PFF’s fantasy football cheat sheet for Week 8

No matter what your record is entering Week 8, our advice can help you win.

| 1 month ago
(Michael Reaves/Getty Images)

(Michael Reaves/Getty Images)

PFF’s fantasy football cheat sheet for Week 8


You’re 7-0! Congratulations. That’s been a crazy successful season. Surely, you’ve been reading every last bit of analysis you can find all season long.

You’re 6-1! Well that’s amazing. Everybody gets one loss, right? And a 6-1 team is as sure a thing for the playoffs as there is. Keep reading that advice.

You’re 5-2. Strong, strong. No worries, barring a catastrophe, you’re likely to reach the playoffs. Keep on reading.

You’re 4-3. Hey, it’s above .500. Unless your league is ridiculously top-heavy, you’ve got a real shot. Our advice is here to help you.

You’re 3-4. Not great, but not a disaster. Win out and you’re certain for the playoffs. Come close and you’ve got a good shot. Read along and you’ll close the gap.

You’re 2-5. Things could be worse, but that isn’t great. Still, an 8-5 team will make the playoffs, right? Probably. You just can’t afford any more mistakes. Our advice can help there.

You’re 1-6. No beating around the bush, things are looking bad. But in a 13-week season, you could still theoretically finish over .500. Keep reading that advice, keep building.

You’re 0-7. Dude. Well, um … thanks for the click.

This is our weekly fantasy cheat sheet. You’ll want to tour through our full compendium of advice from the week, but if you’re short on time, this cheat sheet will get you most of the way to where you need to be. Below, you’ll find five of our top pieces of advice from the week, with links to the pieces the advice is drawn from. After that, you’ll find links to the rest of our season-long content for the week, and from there we move on to our DFS advice. Good luck in Week 8.

Season-long fantasy

Stream NY Jets QB Ryan Fitzpatrick

(from Mike Castiglione’s look at QB streamers)

Fitzpatrick went from “out of a job” to “near must-start” in the time it took Geno Smith’s ACL to tear. In part-time action in Week 7, Fitzpatrick completed 9-of-14 passes for 120 yards and a score, and now has the starting job back. The Jets play the Browns in Week 8, meaning Fitzpatrick draws a pass defense that has allowed multiple passing scores every week this season. It’s a very amenable situation.

Sell Baltimore WR Mike Wallace
(from Mike Tagliere’s stock market check)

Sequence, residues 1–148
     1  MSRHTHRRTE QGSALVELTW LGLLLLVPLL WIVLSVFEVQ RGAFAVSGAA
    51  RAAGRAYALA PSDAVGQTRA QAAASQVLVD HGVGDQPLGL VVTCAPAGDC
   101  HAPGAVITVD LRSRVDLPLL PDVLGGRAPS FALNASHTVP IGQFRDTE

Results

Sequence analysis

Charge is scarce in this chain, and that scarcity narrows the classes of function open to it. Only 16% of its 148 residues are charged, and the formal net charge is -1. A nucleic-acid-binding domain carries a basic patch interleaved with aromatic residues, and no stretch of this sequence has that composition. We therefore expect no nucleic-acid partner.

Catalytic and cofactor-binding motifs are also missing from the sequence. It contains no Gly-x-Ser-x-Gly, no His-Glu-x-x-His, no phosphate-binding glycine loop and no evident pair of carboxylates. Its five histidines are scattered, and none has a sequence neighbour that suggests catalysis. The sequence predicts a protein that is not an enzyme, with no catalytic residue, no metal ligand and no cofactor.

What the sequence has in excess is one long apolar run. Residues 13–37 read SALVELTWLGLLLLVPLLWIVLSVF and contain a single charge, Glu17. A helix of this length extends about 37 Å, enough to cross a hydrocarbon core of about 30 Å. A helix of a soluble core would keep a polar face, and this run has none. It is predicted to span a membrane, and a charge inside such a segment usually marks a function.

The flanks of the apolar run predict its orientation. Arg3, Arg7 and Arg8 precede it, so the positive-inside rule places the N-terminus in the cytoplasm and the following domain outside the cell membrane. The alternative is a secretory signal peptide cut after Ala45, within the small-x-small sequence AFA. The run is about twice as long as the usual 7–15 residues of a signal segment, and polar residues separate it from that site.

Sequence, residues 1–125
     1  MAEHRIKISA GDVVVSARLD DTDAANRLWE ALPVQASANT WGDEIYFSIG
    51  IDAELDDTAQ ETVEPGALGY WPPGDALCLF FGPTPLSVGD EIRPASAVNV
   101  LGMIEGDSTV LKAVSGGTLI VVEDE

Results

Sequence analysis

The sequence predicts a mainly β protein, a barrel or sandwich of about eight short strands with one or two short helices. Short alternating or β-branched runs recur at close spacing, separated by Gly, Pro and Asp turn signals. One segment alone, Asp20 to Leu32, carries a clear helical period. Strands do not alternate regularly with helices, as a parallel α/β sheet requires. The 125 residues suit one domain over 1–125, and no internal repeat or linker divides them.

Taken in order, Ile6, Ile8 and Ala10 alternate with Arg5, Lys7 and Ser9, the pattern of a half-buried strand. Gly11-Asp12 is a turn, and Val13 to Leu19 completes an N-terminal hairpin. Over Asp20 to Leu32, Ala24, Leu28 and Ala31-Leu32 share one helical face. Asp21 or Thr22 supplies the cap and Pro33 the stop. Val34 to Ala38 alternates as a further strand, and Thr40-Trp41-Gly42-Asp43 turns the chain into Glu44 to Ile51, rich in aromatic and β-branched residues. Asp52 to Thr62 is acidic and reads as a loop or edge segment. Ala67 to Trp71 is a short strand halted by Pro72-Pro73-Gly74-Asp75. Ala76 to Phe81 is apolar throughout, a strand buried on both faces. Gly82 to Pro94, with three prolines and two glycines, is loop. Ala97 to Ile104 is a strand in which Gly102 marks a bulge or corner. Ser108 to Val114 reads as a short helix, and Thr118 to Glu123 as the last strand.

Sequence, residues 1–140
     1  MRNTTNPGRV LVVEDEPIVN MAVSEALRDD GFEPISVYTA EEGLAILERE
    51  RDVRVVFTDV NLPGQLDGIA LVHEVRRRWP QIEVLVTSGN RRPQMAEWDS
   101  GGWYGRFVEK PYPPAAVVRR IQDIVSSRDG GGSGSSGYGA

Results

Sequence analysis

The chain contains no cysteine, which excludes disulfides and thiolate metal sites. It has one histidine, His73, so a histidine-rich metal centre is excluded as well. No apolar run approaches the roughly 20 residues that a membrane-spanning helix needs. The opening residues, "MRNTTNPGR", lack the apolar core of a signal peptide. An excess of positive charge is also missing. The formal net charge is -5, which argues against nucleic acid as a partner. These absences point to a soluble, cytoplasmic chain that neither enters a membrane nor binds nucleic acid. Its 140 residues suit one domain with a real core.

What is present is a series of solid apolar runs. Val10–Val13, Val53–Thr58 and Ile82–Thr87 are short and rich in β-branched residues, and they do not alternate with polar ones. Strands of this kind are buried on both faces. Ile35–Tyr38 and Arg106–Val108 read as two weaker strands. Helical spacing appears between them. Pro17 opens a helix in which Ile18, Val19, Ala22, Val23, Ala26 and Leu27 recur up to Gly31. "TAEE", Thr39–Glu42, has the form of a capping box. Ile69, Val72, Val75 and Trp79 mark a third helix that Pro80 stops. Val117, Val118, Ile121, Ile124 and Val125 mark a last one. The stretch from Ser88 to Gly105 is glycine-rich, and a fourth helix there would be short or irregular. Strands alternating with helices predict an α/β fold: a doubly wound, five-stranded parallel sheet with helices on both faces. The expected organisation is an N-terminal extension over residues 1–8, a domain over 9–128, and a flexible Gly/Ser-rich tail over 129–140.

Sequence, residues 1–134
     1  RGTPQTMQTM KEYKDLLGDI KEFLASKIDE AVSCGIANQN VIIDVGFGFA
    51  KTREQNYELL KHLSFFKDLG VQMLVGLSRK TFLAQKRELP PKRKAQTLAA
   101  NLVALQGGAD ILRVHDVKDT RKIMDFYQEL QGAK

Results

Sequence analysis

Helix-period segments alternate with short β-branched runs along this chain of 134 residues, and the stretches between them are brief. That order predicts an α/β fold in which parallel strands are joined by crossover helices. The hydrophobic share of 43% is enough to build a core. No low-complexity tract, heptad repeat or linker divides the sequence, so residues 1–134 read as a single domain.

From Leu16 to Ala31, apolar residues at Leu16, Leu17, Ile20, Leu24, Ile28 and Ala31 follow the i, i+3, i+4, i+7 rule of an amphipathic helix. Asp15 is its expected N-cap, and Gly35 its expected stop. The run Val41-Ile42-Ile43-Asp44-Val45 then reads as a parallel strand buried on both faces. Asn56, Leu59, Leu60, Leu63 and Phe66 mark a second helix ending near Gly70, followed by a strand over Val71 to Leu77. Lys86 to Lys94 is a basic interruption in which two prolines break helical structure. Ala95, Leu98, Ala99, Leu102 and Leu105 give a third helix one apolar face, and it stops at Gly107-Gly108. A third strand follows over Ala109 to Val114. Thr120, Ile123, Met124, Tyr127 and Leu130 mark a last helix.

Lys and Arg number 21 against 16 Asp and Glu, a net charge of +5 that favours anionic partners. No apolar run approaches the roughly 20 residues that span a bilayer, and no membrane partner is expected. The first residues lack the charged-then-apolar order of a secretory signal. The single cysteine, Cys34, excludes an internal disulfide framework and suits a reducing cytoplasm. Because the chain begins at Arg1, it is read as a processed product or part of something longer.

Wallace has 32 targets and 280 yards the last three weeks, though that’s been with Steve Smith injured. When Smith returns, he rejoins a crowded Baltimore receiving corps, and Wallace won’t get as much work. Wallace has profiled as a WR3 or better in recent weeks, and while he’ll still have value as things move forward, it won’t be at that level.

Add Washington RB Chris Thompson
(from Jeff Ratcliffe’s waiver wire check)

Starting running back Matt Jones has struggled with fumbles recently, and hasn’t offered enough productivity otherwise to really justify any sort of fumble issue. Behind him on the Washington depth chart are Thompson, who has heretofore been mostly a pass-catching specialist, and Rob Kelley, who has very little experience. If Washington goes away from Jones, Thompson will get first crack — he has 21 carries the last two weeks after 17 in the first five combined.

Downgrade Chicago RB Jordan Howard
(from Jeff Ratcliffe’s flex rankings)

Howard had a nice stretch when Jeremy Langford first got hurt, but his role lessened when Ka’Deem Carey got healthy, and it could shrink even more with Langford’s expected return. Combine that with Howard’s falling yards per carry (5.9 in Weeks 4-5, 2.5 in Weeks 6-7) and a formidable Week 8 opponent in the Minnesota Vikings, and this isn’t a good week to put Howard to use.

Start Houston QB Brock Osweiler
(from Dan Schneier’s start/sit advice)

After some awful performances of late, Osweiler makes sense to be in lineups in Week 8, thanks to an appealing matchup against a Lions team that has been just about the friendliest defense for any quarterbacks all season, even allowing a previously struggling Kirk Cousins to complete 30-of-39 passes for 301 yards in Week 7. Osweiler has struggled, but his worst games came against the Broncos, Vikings, Patriots and Chiefs, four of the league’s better pass defenses. Against an amenable defense, he should have much more success.

Daily fantasy

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